Aleksandar's computer workshop

Let's see what Aleksandar was fixing today.
My findings, tips & tricks related to computers, internet, programming and other stuff I was working with.

Slow computer, High CPU utilization, the stuttering DVD drive or the lame hard disk?

Do you experience: 

  • Suddenly very slow computer
  • Constant high CPU utilization during file transfer
  • Lame hard disk performance
  • The stuttering DVD drive
  • Choppy DVD playback
  • Your drive is always in PIO mode and you can’t set it to UDMA mode

If you have one of these problems most probably your drive has switches from UDMA to PIO mode.

What does it mean?

DMA is an abbreviation for Direct Memory Access, an access method for external devices where the data transfer is not done by the central processor, but by a small special processor called DMA controller. It uses a procedure called cycle stealing, where the central processor memory access cycles are delayed for very short times to intersperse DMA controller memory access cycles. Some newer, faster DMA modes are called UDMA (Ultra DMA).

The alternative, slow and inefficient data transfer mode is called PIO, Programmed Input-Output, where the central processor transfers data byte for byte or word for word. This requires many processor commands for each data word and therefore causes a high and unwanted processor load.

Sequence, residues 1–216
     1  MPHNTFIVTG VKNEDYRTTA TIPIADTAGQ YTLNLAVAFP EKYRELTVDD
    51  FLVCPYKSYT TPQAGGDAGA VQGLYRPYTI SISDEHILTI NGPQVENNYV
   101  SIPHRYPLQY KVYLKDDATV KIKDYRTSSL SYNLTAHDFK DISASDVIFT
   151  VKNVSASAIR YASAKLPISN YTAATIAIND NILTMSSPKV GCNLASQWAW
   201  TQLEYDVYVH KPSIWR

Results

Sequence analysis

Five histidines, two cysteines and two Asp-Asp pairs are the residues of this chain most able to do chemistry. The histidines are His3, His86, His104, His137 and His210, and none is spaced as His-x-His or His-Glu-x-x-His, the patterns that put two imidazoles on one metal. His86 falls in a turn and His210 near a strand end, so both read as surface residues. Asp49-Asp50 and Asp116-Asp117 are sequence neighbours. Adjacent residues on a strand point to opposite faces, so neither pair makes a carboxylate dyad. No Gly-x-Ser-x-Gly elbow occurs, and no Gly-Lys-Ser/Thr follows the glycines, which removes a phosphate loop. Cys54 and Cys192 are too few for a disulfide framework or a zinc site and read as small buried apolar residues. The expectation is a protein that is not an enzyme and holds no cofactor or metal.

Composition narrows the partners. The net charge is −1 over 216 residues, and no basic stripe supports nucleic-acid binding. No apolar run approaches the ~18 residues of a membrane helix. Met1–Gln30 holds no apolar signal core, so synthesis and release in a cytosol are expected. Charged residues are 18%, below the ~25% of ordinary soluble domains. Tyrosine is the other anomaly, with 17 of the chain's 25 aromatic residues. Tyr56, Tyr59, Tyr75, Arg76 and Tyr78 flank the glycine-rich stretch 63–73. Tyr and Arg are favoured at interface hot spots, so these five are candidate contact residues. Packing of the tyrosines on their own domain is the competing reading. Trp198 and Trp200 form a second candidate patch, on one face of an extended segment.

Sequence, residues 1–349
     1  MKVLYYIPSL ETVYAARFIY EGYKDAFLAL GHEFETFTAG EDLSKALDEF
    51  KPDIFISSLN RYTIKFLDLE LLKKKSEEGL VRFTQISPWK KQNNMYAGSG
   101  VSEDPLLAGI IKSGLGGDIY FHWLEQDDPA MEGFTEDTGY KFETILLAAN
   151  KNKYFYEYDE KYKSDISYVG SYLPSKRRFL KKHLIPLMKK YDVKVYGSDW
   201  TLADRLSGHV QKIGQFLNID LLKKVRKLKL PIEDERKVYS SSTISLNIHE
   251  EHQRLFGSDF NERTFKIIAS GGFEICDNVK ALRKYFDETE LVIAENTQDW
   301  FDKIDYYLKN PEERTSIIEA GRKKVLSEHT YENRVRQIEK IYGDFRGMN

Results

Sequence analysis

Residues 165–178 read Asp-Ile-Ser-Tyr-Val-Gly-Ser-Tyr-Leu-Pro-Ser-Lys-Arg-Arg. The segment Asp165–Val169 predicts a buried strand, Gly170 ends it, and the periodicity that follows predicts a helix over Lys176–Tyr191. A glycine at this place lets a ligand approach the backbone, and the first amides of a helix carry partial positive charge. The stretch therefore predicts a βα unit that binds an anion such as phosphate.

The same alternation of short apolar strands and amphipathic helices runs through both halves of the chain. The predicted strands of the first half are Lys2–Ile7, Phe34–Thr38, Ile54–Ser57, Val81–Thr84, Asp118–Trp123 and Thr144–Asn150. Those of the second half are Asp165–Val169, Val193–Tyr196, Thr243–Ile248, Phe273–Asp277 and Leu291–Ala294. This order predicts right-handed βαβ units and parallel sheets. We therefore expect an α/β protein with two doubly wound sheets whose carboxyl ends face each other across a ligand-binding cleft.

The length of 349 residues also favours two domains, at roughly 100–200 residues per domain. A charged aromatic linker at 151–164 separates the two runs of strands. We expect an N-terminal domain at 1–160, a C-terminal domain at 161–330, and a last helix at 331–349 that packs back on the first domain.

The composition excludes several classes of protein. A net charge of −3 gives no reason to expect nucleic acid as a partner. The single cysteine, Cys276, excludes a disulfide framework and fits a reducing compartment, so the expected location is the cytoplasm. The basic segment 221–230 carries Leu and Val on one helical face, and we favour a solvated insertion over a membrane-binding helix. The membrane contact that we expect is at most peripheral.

Solution is here:
1) Download the file from here: http://winhlp.com/tools/resetdma.vbs

2) Despite any warnings click on the [Open] or [Execute] buttons as required to execute the file resetdma.vbs. If you fear to download the file, you can use the manual method instead (see link below). Or you could download, save, and inspect the program with an editor like the Windows Notepad. It is a script text file.

3) If the program found any ATA channel to reset, reboot your computer and test all drives.

4) If the problem is still not solved, set the offending channel to PIO manually, reboot your computer, set the channel back to DMA, and reboot again.

5) Please report your results here http://winhlp.com/node/97.

For more technical background or menual method visit this site:
http://winhlp.com/node/10

Difference between S1 (POS) and S3 (STR) standby mode in BIOS?

Computer can be in several power or standby states. It's handled by so called ACPI (Advanced Configuration and Power Interface) power management specification.
I will skip long storry and in short describe "most important" states:

S0 Working: the normal working state of the computer, the operating system and applications are running. The CPU(s) execute instructions. Within this state, it is possible for CPU(s) and devices like hard drives, DVD drives, etc. to be repeatedly put into and come back from low-energy states. Laptops, for example, routinely power down all currently unused devices when running on battery; some desktops also do this to reduce noise.

S1 (POS) Standby: All processor caches are flushed, and the CPU(s) stop executing instructions. Power to the CPU(s) and RAM is maintained; RAM is refreshed; devices that do not indicate they must remain on may be powered down. Some newer machines do not support S1; older machines are more likely to support S1 than S3. This state can operate when a card or peripheral does not recognize S3. The most power-hungry of sleep-modes. POS means Power On Standby.

S2 Standby: System appears off. The CPU has no power; RAM is refreshed; the system is in a lower power mode than S1. It is not commonly implemented.